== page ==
Friday, October 1, 2010

Eliminating Experienced Surgeons Utilizing Hospital Peer Review Processes

Good doctors are sorely needed. Experienced surgeons are needed by so many communities. Unfortunately, some of those who can serve you very well are being eliminated from practice by peers, for varying reasons. Often times the reasons are political or economical, and the easier (though malicious) way is to use the hospital peer review process to eliminate them.

Here is how it works.  Almost always, those physicians/surgeons who are willing to take sicker patients and, therefore become experienced in treating higher risk patients, will have a higher incidence of complications than those who choose to treat only less complicated cases.  Bingo! This applies to surgeons in particular.  In a hospital environment that is hostile to a certain surgeon, such a higher rate of complications comes quite handy to trigger a peer review. They may even use fancy (but not totally reliable) statistical models to show that they stratified for the higher risk, and found that the particular surgeon's rate of complications is "unacceptably" higher than the norm.  Notice that treating sicker patients can cost a hospital more money, particularly if the patient is uninsured or has an insurance that does not pay well.  So, a peer review would be initiated to address "concerns" about the practice of that particular doctor. The final outcome of the peer review process cannot be simply letting the physician/surgeon go to look for practice elsewhere.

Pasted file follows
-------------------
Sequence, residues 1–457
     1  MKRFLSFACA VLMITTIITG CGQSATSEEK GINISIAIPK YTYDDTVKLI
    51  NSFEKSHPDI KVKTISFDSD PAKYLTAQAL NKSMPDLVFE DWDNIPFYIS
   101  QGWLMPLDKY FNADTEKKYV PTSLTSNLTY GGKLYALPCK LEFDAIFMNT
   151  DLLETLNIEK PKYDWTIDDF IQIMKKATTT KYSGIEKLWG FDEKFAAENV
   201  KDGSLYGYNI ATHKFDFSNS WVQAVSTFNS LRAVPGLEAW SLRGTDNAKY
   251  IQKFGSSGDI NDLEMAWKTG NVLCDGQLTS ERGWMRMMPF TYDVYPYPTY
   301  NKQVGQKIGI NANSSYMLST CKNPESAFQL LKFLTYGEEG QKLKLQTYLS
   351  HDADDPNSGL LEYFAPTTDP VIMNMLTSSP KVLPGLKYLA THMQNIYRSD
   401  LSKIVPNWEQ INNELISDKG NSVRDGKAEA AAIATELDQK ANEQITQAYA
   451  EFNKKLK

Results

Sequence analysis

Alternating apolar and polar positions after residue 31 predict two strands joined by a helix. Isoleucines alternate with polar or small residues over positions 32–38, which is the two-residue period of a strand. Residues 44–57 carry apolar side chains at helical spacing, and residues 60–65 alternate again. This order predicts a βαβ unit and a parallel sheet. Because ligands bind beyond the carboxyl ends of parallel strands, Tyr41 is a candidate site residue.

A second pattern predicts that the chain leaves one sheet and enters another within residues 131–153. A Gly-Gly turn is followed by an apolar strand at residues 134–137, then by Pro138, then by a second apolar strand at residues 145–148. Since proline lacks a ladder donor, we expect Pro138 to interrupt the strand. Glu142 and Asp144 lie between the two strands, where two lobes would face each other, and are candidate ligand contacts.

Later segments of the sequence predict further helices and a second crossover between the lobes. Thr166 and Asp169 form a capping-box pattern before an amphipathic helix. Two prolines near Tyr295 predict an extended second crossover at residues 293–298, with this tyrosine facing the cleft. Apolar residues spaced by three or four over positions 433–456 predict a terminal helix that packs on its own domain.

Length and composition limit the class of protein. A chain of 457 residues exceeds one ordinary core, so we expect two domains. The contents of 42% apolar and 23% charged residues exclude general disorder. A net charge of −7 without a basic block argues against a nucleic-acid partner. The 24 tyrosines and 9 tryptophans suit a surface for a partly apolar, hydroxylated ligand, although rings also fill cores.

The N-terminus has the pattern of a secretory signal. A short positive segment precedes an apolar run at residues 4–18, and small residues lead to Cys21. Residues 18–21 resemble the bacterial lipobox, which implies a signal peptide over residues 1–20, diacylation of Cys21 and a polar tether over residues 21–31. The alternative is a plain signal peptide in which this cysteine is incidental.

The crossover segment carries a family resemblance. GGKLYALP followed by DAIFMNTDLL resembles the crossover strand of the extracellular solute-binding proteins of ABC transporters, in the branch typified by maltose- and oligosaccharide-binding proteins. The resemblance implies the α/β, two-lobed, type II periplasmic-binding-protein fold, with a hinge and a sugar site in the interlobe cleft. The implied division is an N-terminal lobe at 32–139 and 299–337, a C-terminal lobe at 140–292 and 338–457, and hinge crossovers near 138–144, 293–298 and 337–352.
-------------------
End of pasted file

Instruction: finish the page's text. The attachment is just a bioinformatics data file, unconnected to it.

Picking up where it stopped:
The way the punitive quality assurance system in the US is set up mandates reporting adversarial and disciplinary actions to the National Practitioners Data Band. The regulations in the US, do not require whatsoever any constructive peer review process, which is not fair to the patients nor their doctors.  Anyway, if a hospital administration or the powerful staff of a hospital gang up to eliminate a doctor, and they play the sham peer review game right, they probably have no choice but to destroy the career of that physician and remove the shammed doctor from practicing altogether. That surgeon cannot practice almost anywhere.  As a result, the community at large is deprived from the services of a surgeon/physician who has more experience, and whose services are therefore more valuable, than the peers. When such experienced surgeons are eliminated, you are left with the newbies or those who evade doing surgery on difficult cases.

Dear patient, there is a pressure in some hospital environments that doctors avoid treating your complicated issues and sending you elsewhere. Even if there is an experienced physician/surgeon on staff, such an expertise will not be appreciated and may very well be harshly punished in a sham quest for "quality".

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